Glasgow: A warning to all landlords in the UK?

Glasgow: A warning to all landlords in the UK?

11:46 AM, 19th August 2022, About 2 months ago 19

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Landlords around the UK have been warning for years that with growing numbers leaving the private rental sector, tenants will increasingly struggle to find somewhere to live and, it seems, that this has now come to pass.

Two stories from Glasgow this week highlight what can happen when rented accommodation becomes scarce – but landlords still get the blame for not providing enough rental homes.

The first involves more than 1,000 people wanting to view a one-bed flat for rent.

David Gibb, the operations director at Tay Letting in Glasgow, told us: “Demand in the Glasgow market this year has been incredible – we have had more than 1,000 people wanting to view a one-bed flat in the city.

“We manage thousands of properties in Glasgow, Edinburgh and Dundee and the situation is just as bad in those cities too. For example, we have a property in Edinburgh that has attracted more than 200 enquiries, particularly from students.”

‘There’s a perfect storm building up’

He added: “There’s a perfect storm building up. The tax changes with section 24 four years ago had an impact, plus every landlord in Scotland must be registered and their properties must be maintained properly.

“Demand is outstripping supply and there’s also the anti-landlord rhetoric from the Scottish government who are very much looking to bring in rent controls and this is having a knock-on effect for landlord confidence.

“Also, landlords don’t have the tax benefits they once had, and many are now feeling the squeeze.”

He says that landlords are being accused of profiteering by several political parties but ‘that is not the case’ and this leads people believing that landlords there are being greedy.

Mr Gibb also warns: “What’s happening in Glasgow, and Scotland generally, as well as in Wales, will come home to roost for landlords in England, unless the UK Government looks at the issues affecting the nations in the devolved countries and realise that landlords are a key element to stop the housing shortage in the UK.”

University could not guarantee accommodation

The second story that landlords need to appreciate is the University of Glasgow announcing that it could not guarantee accommodation for its new students this year.

That means students who are within commuting distance from campus being automatically denied accommodation. And those who live further afield, are not being guaranteed a bed.

However, the university blames a growing demand for students on a ‘significant contraction’ in the city’s private rental sector for the lack of accommodation.

They add that this shortage is down to changes in Scotland’s private rental tenancy laws and landlords being impacted by Covid restrictions who then left the sector.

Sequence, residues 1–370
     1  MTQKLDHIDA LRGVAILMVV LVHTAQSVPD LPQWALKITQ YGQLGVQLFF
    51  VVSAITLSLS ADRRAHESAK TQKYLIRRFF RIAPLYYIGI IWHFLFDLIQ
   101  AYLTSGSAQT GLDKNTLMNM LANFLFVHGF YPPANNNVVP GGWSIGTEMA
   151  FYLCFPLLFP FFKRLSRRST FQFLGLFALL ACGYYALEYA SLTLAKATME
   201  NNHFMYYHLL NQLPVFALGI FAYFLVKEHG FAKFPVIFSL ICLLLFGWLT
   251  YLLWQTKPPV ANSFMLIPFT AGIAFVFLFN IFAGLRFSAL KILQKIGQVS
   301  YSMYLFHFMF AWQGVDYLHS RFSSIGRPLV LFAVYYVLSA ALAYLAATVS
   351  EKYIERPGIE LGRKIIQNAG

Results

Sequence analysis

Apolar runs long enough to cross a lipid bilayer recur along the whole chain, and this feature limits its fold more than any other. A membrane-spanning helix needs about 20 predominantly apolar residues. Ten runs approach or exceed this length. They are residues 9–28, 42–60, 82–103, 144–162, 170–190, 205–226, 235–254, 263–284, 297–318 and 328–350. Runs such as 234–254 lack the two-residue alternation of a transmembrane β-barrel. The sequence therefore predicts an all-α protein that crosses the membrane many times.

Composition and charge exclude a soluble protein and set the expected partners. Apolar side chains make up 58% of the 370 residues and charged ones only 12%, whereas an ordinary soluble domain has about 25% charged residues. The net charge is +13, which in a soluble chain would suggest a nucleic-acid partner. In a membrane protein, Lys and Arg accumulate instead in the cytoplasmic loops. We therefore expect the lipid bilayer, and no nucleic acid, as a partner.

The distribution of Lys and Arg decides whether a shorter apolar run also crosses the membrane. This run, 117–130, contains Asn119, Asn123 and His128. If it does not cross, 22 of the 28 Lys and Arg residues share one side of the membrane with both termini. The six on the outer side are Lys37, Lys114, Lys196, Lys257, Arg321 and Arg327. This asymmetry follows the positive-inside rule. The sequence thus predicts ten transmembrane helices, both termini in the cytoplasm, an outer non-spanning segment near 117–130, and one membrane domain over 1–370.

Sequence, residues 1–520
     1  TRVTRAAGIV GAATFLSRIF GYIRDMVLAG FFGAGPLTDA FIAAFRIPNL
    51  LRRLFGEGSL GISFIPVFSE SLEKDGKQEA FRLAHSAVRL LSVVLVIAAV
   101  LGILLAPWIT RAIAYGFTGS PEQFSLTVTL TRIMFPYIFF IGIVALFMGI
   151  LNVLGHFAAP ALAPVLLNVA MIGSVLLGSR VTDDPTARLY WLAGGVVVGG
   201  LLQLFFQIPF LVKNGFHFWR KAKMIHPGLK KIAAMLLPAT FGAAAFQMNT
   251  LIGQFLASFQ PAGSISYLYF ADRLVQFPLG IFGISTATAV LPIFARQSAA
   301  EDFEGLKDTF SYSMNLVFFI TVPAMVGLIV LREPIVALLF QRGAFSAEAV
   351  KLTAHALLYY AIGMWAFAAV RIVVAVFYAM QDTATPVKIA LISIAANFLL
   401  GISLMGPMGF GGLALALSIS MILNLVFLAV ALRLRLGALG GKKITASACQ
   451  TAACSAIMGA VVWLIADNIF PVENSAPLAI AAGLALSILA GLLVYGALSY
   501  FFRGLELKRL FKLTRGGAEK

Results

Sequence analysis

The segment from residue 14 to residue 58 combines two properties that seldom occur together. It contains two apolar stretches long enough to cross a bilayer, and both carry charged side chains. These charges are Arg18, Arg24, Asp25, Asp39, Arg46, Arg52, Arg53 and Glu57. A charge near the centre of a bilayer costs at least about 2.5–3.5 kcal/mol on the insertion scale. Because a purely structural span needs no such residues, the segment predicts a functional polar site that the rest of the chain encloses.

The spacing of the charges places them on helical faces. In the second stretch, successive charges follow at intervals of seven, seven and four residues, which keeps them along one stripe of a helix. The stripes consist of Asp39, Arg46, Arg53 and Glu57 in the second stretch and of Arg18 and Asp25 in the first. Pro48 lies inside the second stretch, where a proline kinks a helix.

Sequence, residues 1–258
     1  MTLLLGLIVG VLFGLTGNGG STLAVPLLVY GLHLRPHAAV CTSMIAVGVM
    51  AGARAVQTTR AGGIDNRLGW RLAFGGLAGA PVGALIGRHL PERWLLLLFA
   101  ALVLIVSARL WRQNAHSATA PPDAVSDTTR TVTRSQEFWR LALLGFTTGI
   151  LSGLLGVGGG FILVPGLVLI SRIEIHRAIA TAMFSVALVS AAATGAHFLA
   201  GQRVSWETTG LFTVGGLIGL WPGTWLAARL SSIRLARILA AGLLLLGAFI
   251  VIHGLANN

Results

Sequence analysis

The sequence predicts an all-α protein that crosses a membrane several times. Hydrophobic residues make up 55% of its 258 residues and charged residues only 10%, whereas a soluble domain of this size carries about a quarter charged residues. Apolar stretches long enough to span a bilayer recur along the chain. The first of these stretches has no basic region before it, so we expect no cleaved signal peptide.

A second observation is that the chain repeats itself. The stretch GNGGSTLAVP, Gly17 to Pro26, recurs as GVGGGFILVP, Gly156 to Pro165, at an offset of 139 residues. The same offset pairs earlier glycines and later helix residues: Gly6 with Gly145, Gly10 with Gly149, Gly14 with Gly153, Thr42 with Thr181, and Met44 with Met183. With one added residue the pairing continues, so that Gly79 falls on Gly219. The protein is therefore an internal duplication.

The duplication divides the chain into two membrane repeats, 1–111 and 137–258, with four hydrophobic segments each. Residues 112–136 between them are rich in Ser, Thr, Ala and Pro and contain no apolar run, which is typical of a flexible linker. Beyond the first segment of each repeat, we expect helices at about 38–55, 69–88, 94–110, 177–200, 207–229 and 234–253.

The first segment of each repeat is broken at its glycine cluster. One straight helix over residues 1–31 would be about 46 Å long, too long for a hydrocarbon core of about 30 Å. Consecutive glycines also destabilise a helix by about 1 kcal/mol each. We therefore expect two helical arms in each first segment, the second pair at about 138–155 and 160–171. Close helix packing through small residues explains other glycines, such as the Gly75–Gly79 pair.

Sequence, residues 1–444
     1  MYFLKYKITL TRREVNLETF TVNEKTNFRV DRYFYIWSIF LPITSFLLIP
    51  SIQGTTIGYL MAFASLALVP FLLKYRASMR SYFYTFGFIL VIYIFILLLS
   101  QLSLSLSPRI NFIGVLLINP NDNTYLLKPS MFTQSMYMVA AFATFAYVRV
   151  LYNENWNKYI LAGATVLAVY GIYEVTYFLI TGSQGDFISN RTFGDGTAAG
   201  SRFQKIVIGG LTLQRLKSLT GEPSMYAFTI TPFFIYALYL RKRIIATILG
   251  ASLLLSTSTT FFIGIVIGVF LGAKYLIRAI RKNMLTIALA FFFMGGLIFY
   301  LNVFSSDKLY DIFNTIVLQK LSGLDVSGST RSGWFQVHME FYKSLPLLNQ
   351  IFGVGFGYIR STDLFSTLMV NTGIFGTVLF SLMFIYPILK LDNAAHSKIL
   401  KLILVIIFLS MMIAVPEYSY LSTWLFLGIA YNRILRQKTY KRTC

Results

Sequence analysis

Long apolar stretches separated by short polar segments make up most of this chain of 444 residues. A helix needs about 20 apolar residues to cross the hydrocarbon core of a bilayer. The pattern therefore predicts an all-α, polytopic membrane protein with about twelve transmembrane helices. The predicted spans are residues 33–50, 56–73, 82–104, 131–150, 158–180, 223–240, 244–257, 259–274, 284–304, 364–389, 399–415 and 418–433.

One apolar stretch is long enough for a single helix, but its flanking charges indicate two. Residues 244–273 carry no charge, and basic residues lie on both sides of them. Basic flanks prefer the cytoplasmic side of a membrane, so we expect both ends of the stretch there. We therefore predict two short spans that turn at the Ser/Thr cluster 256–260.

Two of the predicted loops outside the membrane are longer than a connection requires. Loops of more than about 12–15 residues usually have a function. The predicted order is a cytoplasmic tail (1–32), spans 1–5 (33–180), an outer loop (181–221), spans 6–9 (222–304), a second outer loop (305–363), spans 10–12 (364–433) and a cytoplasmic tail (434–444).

And this is despite the university boosting its own accommodation bed numbers by 25%.

University has been accepting too many new students

Part of the university’s problem has been highlighted by the Students Representative Council (SRC) which says the university has been accepting too many new students for the next semester.

In a statement, the SRC said it was ‘disappointed’ by the university’s approach, particularly after Glasgow’s accommodation crisis last year and they have lobbied the university to have a moratorium on student recruitment – because it appears that over-recruitment is now creating a similar situation.

A spokesperson for the University of Glasgow said that ‘regrettably’ there has been a significant contraction in the city’s private rental market and demand for rooms is substantially ahead of expectations.

They confirmed that the university can no longer guarantee university accommodation and must prioritise accommodation for students who can’t travel from home.

It is also worth noting that there are student accommodation issues in St Andrews and Edinburgh. International students heading to the University of Strathclyde are reported to be struggling to find somewhere to live.

NUS Scotland President, Ellie Gomersall, said: “There are students across Scotland right now struggling to get accommodation for the year ahead, facing a choice between sofa-surfing or paying sky-high rents.

“We urgently need a student housing strategy, with rent controls and a student housing guarantee that ensures government, universities, and local authorities work together so every student has a safe and affordable place to live.”

‘Chronic shortage of supply caused by landlords leaving the sector’

John Blackwood, the chief executive of the Scottish Association of Landlords (SAL), told Property118.com: “As SAL has warned for over a year, a chronic shortage of supply of rented properties caused by landlords leaving the sector is driving up rents.

“Damaging rhetoric and policies from the Scottish Government are a significant factor in landlords choosing to exit the sector.

“A survey of our members earlier this year showed that there could be a cut of more than 36,000 homes available to rent in Scotland as over a third of private landlords look to reduce the number of properties they let out, leading to more housing shortages.”

He added: “For students, in particular, this is also partially attributable to an unintended consequence of the Private Residential Tenancy (PRT) introduced in 2017 that reduced the number of homes available to students as landlords were no longer able to offer fixed-term leases which matched term times.

“The Scottish Government must put in place a real strategy for increasing supply and investment across the housing sector, including in the private rented sector.”

Put the skids under the student accommodation market

Worryingly, it is the Private Residential Tenancy rules that look set to be replicated in England with the Renter’s Reform Bill – and which could put the skids under the student accommodation market.

In Scotland, the new law replaced assured and short assured tenancy agreements, so they are now open-ended – with landlords in England facing the prospect of periodic tenancies replacing assured and shorthold tenancies.

The other interesting issue is that Glasgow council announced last year that it would prevent any more student flats from being built in some areas in the city due to an over-concentration of student accommodation.

But the shortage of student accommodation isn’t just happening in Scotland – the University of the West of England in Bristol has also revealed that its halls of residence were oversubscribed shortly after applications were opened.

This means we will be seeing the same stories in September and October of students being housed in towns and cities many miles from their university campus as they struggle to find somewhere to live.